Jamie Wyeth, “With Green Peppers,” 2016, gesso, gouache and watercolor on toned paper board, 24-by-30 inches ©Jamie Wyeth/Artists Rights Society

When Jamie Wyeth heard last week that three of his paintings had been destroyed in a fire, he said the loss felt like “ripping a page out of your diary.”

The works dated as far back as 1982 and hung in Linda Bean’s Wyeth Gallery above the Port Clyde General Store, which was among the waterfront buildings that burned in the fast-moving blaze Wednesday night. The cause of the fire, which started in the Dip Net restaurant, is under investigation.

Jamie Wyeth at the Farnsworth in Rockland in 2019. Press Herald staff photo by Brianna Soukup

The sunlit gallery space was devoted to the renowned art family with strong ties to the Midcoast and showed the work of three generations of painters: Jamie, his father, Andrew, and his grandfather, N.C. One painting by N.C. Wyeth burned alongside those of his grandson, and the fire also destroyed books, prints and memorabilia.

The total value of the artwork lost is unclear. Shannon Moss, a spokeswoman for the Maine State Fire Marshal’s Office, said the damage across all the buildings burned in the fire was “in the millions.”

“Losing art is always a great tragedy – it is irreplaceable,” said Christopher Brownawell, director of the Farnsworth Museum in nearby Rockland. “This particular loss is only compounded because of our close connection to the Wyeth family and the work that was destroyed.”

Jamie Wyeth, in a phone interview from his home on Southern Island, described the gallery as “lovely.”


“It was really almost a public service on Linda Bean’s part,” he said. “She did this because she seems to have loved the paintings and felt they ought to have more of an audience, and how perfect to have it over the general store in Port Clyde.”

The paintings burned included “Snapper,” a mixed-media piece from 1982 that depicted a snapping turtle on Wyeth’s farm in Chadds Ford, Pennsylvania.

“I loved ‘Snapper,’” said Wyeth. “I spent a lot of time with the turtle.”

Jamie Wyeth, “Snapper,” 1982, mixed media, 30-by-40 inches ©Jamie Wyeth/Artists Rights Society

Another was “Red-tailed Hawk,” a 2013 study for a portrait Wyeth made of a friend who is a falconer. Wyeth said the hawk that is the subject of that work also frequented the farm. The third was part of a series of paintings of seagulls, this one from 2016 called “With Green Peppers,” inspired by a moment familiar to those on the coast.

“It was what happens often,” he said. “In swoops a gull and off goes your piece of pizza.”

Wyeth said Bean owned “Snapper” and “Red-tailed Hawk,” and she had asked him if she could display “With Green Peppers” as well. Mary Beth Dolan, the artist’s assistant, said “With Green Peppers” was listed at the gallery for $150,000, but she did not know the value of the other paintings. A representative for Linda Bean did not respond to emails about the lost artwork.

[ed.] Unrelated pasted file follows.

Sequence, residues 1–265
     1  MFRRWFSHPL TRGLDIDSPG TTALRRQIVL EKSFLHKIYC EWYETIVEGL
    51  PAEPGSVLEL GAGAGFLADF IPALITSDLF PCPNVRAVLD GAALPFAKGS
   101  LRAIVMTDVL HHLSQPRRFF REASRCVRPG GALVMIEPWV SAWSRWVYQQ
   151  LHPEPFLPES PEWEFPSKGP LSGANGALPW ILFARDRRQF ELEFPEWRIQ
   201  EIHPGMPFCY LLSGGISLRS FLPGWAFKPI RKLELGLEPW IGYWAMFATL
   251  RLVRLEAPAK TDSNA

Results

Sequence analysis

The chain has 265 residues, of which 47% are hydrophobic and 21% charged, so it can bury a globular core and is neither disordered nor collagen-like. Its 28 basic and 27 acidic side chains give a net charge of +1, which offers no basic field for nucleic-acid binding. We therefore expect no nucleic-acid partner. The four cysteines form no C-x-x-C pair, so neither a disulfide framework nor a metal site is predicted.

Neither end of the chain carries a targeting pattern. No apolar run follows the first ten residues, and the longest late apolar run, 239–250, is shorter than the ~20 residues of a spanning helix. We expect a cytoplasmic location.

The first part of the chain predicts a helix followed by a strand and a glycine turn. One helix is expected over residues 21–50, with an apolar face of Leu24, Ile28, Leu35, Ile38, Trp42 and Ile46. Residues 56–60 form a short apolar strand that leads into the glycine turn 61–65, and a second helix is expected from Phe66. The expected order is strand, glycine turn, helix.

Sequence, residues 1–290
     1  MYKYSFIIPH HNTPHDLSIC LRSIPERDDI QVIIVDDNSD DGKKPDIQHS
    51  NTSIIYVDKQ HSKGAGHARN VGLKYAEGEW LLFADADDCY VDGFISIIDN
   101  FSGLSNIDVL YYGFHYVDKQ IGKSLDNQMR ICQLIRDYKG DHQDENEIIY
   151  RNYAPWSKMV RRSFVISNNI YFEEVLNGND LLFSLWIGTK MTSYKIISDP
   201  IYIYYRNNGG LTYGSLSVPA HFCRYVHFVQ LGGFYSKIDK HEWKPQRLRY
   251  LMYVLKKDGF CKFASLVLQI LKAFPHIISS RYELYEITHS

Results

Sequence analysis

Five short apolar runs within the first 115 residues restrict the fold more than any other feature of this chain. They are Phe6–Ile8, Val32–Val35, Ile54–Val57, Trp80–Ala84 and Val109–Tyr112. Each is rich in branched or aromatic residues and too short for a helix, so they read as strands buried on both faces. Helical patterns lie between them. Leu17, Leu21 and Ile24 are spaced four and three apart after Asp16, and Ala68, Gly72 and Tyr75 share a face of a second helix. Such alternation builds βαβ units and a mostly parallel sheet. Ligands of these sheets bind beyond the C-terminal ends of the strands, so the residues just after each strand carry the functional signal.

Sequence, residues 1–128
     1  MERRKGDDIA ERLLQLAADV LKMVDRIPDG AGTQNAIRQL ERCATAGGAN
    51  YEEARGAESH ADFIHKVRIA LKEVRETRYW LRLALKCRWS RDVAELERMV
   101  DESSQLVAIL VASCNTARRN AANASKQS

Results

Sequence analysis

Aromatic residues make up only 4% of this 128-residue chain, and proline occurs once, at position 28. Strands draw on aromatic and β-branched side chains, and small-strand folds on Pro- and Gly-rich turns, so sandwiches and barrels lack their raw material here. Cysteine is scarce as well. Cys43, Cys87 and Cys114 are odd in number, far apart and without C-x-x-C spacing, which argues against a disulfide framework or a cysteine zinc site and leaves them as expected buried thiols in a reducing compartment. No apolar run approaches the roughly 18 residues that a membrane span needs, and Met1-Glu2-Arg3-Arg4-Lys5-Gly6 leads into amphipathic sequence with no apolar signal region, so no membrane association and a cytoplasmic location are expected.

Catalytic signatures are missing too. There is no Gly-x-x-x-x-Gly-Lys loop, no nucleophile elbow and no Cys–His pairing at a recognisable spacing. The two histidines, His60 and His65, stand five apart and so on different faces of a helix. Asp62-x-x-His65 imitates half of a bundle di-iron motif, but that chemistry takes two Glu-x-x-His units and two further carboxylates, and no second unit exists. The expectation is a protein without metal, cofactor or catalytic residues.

Wyeth said his paintings feel “like part of my life and part of my diary.”

“To have three of them go up in flames is a little affecting,” he said.

Even harder to bear is the loss of his grandfather’s work. N.C. Wyeth died in 1945. “He certainly isn’t around making them anymore,” his grandson said.

Jamie Wyeth, “Red-tailed Hawk,” 2013, mixed media study on toned board, 16-by-16 inches ©Jamie Wyeth/Artists Rights Society

In a statement last week, Bean said the works destroyed in the gallery included one original N.C. Wyeth she had recently acquired – “the beautiful frontispiece illustration from (Henry David) Thoreau’s book ‘Men of Concord.’ ”

In 2008, the Brandywine Conservancy and Museum of Art in Chadds Ford completed “a catalogue raisonné” of N.C. Wyeth’s work – an extensive compilation that documented nearly 2,000 paintings in both public and private collections that were created between 1902 and 1945. In 2016, the museum exhibited the 12 original panels N.C. Wyeth painted for “Men of Concord and Some Others, as Portrayed in the Journal of Henry David Thoreau.” The book published in 1936 and was Wyeth’s own project based on Thoreau’s personal writings.

The frontispiece illustration – the one opposite the title page – was included in the catalog of N.C. Wyeth’s work and in the essay that accompanied the exhibition. It depicts a team of oxen crossing a snowy field. Christine Podmaniczky, curator emerita of the N.C. Wyeth Catalogue Raisonné at the Brandywine Museum of Art, wrote in the 2016 essay that the painting enriched Thoreau’s description of a winter sunset: “Ah, what isles those western clouds! In what a sea!” She also said that he captioned the illustration with an abbreviated quote from Thoreau’s journal: “A man of certain probity and worth, immortal and natural.”


“Wyeth scrawled ‘New England’ on the reverse of this panel, suggesting the scene for him evoked the essential character not just of Concord, but the entire region,” Podmaniczky wrote.

The museum has an image of the painting in its online catalog but did not have permission to share it for publication.

Wyeth is glad no one was killed or injured in the fire, but he has been unable to bring himself to visit the wreckage. He said the general store in particular was “the heart of Port Clyde.”

“That was a meeting place for everybody,” Wyeth said. “As a child, I went there. To see the smoking hulk that is left, that is terrible.”

“This whole thing is sort of upsetting to me,” he added. “I don’t want to go right in the middle of it and pore over things. I would just as soon rather stay here on my island and keep working.”

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